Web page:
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Army Vet, Doctoral Student Looks to Engage Saint Leo Vets

Meet Mary Kate Soliva, an Army vet and newly enrolled Doctor of Criminal Justice student at Saint Leo University who is also the new president of the Student Veterans of America chapter and has many goals to engage all military-connected students.

A head shot of Mary Kate Soliva dressed in a suit; Soliva, an Army veteran, is a newly enrolled student in the Doctor of Criminal Justice degree program at Saint Leo University and the new president of Saint Leo's Student Veterans of America chapter for military-connected students

Mary Kate Soliva proudly served her country in the U.S. Army. A Pacific Islander of CHamoru and European descent, she is now pursuing a Doctor of Criminal Justice degree from Saint Leo University where she is also giving back by serving as president of a student veteran chapter.

Soliva earned her nickname “Mary Kate” from Mary Kate Danaher, a character in the 1950s John Wayne romantic comedy The Quiet Man. She grew up in Maine and graduated from Sacopee Valley High School. Her husband, Nelson, is also an Army veteran who served as a medic. They have a mutt, Spanky, named from The Little Rascals.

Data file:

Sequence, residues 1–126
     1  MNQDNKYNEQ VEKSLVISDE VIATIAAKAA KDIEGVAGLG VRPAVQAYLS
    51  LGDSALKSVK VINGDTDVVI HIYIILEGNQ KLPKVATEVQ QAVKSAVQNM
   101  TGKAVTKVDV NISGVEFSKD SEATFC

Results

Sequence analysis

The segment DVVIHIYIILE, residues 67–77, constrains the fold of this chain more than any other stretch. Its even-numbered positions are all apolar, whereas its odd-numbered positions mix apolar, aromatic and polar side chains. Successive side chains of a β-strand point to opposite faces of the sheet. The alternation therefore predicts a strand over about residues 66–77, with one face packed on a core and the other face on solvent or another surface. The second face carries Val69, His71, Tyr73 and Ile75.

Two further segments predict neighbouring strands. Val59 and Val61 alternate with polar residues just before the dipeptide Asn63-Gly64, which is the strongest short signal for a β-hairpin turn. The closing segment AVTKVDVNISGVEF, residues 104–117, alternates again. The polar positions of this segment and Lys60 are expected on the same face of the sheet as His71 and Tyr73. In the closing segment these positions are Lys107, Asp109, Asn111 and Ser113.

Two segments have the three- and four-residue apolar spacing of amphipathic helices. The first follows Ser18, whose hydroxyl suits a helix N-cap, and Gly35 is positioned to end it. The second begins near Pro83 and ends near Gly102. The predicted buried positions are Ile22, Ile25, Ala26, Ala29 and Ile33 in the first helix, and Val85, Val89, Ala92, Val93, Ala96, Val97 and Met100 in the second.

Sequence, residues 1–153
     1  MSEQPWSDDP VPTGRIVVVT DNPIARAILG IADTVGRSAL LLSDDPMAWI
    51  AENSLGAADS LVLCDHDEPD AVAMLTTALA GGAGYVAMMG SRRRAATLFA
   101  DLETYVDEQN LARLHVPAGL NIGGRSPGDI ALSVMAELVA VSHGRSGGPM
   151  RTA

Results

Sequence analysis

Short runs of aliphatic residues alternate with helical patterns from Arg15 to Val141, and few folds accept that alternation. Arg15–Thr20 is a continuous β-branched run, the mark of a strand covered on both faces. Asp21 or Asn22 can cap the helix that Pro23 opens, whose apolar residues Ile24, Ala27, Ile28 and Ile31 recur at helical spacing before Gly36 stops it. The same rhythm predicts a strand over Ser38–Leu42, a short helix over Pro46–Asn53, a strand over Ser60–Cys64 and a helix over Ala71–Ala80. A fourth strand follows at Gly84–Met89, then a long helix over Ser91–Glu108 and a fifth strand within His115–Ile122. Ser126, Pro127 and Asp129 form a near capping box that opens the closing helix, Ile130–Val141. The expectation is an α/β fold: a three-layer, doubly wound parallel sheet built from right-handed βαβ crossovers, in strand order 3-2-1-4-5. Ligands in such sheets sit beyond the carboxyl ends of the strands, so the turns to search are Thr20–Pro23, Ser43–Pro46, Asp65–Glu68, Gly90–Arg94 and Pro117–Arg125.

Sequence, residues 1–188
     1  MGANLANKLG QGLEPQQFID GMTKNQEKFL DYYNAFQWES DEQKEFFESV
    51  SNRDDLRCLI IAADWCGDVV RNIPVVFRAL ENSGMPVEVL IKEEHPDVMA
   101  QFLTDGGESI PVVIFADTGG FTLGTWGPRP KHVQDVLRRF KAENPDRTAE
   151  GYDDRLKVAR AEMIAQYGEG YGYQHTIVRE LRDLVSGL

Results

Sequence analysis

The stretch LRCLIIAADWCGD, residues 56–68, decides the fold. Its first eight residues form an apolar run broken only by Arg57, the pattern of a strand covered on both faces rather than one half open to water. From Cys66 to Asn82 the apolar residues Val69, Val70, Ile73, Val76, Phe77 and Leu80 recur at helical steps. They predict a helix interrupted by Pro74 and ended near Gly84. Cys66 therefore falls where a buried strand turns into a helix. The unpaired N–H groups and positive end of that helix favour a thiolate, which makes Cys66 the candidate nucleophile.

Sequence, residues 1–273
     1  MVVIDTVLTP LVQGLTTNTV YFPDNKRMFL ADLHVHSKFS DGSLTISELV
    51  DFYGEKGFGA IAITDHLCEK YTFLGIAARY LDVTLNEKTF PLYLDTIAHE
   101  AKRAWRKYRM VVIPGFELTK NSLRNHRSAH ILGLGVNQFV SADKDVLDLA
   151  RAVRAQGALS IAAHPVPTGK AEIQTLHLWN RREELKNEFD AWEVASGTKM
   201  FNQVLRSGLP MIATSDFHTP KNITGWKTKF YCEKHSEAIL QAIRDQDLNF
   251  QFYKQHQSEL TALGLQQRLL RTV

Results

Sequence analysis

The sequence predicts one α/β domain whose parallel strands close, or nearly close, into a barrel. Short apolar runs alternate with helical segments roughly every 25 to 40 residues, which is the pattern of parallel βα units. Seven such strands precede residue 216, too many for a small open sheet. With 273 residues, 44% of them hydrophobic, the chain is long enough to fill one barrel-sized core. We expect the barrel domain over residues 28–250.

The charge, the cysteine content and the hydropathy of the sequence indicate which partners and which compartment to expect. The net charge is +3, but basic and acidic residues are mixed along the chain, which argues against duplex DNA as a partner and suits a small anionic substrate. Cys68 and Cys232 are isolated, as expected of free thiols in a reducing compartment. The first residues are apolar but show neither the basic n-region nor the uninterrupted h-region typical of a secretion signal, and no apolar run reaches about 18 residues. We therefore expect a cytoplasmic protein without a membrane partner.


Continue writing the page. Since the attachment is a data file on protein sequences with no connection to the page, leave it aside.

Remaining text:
Proudly Donning the U.S. Army Uniform

Soliva served in the Army and has 12 years of active service. She says her dad being a 20-year U.S. Navy veteran played a role in her decision to join the military, in addition to a day in history that lit a fire in a generation to want to serve.

“I was in my eighth-grade history class on 9/11 when the first plane hit the World Trade Center tower,” she recalls. “We turned on the TV and watched that day unfold. I also remember talking to my dad and his Navy buddies about their camaraderie and how much it meant to them to serve. I decided I wanted to serve in some capacity.”